Watercolor Techniques for Everyone
Yes, watercolor is different than oils, but not harder. If you started painting with oils and acrylics you know that the basic rule of thumb is to start with the dark colors and finish by adding the highlights. Well, watercolor has to be treated the opposite. Because watercolor has no real “white”, you must consider the paper to be the white and plan ahead of time where you will NOT PAINT to leave the highlights or white of the paper. So then you are laying down progressively darker and darker colors until the darkest shadows are added last. This isn’t harder, but it is the opposite of the way oil painters are taught to think. The following are a few tips that may help.
“Fine Art is that in which the hand, the head, and the heart of man go together”
— --John Ruskin
“A man throws himself out of the fourth-floor window; if you can’t make a sketch of him before he gets to the ground, you will never do anything big.”
— --Eugene Delacroix
Facts about paints
Do you like watercolor paintings in your home?
- Burnt Umber is iron oxide fired at a high temperature or “burnt”. Basically a burnt orange.
- Burnt Sienna is also calcined earth or earth fired at a high temperature.
- Cadmium is an artificial mineral color.
- Carmine red is made from female cochineal beetles from Peru and the Canary Islands, dried and crushed.
- Greens are made from ground malachite mixed with gum Arabic.
- Indigo (blue) is from a plant that yields a dark grayish blue.
- Lakes signify colors made from synthetic dyes.
- Lamp Black is made of burnt carbon or soot from lamps.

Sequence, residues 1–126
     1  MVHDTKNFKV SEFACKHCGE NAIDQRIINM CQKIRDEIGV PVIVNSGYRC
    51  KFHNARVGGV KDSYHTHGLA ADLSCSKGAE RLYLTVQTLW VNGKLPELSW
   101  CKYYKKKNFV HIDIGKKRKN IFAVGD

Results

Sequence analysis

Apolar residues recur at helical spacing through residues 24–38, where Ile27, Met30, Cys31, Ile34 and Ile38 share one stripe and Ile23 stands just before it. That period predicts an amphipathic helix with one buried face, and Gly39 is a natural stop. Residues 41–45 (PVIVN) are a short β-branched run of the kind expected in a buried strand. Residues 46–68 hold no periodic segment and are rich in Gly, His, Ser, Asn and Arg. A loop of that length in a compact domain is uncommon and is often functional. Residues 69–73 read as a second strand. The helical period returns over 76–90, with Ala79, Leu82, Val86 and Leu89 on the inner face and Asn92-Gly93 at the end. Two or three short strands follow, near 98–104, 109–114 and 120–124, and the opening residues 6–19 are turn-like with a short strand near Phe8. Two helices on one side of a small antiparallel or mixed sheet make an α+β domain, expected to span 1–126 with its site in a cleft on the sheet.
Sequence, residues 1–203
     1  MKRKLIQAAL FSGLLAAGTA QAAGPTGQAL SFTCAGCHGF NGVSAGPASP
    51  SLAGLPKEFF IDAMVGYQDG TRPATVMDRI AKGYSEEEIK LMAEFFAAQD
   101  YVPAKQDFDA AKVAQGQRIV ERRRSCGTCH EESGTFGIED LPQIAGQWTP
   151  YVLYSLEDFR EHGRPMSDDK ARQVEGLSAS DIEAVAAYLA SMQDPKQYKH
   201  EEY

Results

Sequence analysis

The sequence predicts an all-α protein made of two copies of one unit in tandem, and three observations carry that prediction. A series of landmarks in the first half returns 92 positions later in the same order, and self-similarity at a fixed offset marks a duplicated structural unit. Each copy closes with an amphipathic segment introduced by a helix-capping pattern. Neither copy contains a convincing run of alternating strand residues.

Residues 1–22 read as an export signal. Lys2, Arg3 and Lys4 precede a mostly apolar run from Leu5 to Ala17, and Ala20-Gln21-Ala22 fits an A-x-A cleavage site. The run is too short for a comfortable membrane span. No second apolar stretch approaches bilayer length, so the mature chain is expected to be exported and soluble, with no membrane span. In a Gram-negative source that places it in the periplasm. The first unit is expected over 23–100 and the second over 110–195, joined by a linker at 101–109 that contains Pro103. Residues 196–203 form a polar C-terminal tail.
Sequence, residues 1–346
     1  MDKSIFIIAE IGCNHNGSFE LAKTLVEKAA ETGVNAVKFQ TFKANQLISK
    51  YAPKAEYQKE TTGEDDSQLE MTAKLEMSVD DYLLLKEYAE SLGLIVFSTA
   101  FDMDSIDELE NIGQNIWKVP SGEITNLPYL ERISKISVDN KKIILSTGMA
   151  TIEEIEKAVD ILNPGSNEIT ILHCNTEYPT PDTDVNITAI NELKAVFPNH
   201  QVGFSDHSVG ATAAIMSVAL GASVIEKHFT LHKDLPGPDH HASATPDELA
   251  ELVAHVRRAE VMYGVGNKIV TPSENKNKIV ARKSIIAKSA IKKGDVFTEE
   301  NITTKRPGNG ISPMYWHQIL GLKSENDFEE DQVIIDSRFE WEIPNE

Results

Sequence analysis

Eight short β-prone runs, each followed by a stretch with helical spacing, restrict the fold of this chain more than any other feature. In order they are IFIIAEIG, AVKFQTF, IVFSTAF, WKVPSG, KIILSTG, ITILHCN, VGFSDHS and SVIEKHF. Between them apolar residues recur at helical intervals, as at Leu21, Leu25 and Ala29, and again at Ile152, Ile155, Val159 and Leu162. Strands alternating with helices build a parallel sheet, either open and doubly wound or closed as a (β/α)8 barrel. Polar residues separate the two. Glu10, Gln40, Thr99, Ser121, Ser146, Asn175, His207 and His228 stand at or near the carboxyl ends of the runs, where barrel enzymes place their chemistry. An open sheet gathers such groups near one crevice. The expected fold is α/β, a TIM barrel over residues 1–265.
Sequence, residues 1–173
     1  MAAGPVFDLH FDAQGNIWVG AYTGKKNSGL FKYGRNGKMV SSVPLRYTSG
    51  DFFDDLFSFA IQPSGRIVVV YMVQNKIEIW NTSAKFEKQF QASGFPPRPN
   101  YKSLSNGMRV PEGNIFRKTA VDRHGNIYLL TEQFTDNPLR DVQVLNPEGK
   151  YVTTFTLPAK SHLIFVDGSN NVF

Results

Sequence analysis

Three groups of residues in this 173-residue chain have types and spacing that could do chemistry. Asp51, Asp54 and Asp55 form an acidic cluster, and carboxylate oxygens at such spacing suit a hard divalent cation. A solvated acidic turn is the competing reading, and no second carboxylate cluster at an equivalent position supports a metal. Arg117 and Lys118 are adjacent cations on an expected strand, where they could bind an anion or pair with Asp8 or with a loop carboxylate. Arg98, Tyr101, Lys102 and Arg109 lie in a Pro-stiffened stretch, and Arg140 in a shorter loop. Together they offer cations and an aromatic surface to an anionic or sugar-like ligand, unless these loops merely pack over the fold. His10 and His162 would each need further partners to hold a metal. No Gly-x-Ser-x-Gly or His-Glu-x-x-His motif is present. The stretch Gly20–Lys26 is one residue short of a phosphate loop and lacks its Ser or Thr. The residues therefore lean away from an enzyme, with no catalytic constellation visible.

- Madder Red is a transparent ruby-red color from the root of the madder plant; mostly replaced today by Alizarin Crimson.
- Purple is usually made of ground mollusk shells.
- Ultramarine was made from ground lapis lazuli (a semi-precious stone) mainly from Persia and China; today it is made artificially.
- Yellow is made from saffron (a type of crocus).
- Zinc Oxide (Chinese White) is a by-product of brass production and is used to replace lead white
More On Colors
“You should keep on painting no matter how difficult it is, because this is all part of experience, and the more experience you have, the better it is00unless it kills you, and then you know you have gone too far.”
— --Alice Neel
More On Watercolor Paint
- The Hooker Green is good in both light and dark. It mixes well with yellow or blue and I like them both.
- The Lamp Black, however, is a dull lifeless color with only a few uses such as outlining or the pupils of eyes. I prefer Indigo, which is not black but a blue-black. When thinned it makes a cool grey and for hair, it adds great blue highlights. It mixes well with other colors and has a life of its own. If you were choosing between Indigo and Lamp Black, I would say go with Indigo.
- Chinese White is not what most people think. Many new watercolorists have tried oils and acrylic before diving into watercolor. If you have you know that in oils or acrylics, the dark colors are applied first and the whites and highlights are last. Because oils and acrylics are mostly opaque, white covers the dark colors easily. This is not so in watercolor. These colors are transparent (for the most part) and white is blocked out first on the paper and not painted at all. White is the color of the paper. So why do they sell “Chinese White”? Chinese White is used to mixing with other colors and make them slightly opaque and pastel looking. But it cannot be used to cover a “mistake” because when it dries you can still see through it to the mistake underneath. What happens is it simply muddies-up the mistake. Also, it is not pure white. It never matches the color of the paper. You will be very unhappy using it as a “white-out”. Painting over with white acrylic would look better (though I don’t suggest that because acrylic is shiny). It is always best to try to wet the area and blot off the offending spot with paper towels than to try any kind of cover-up.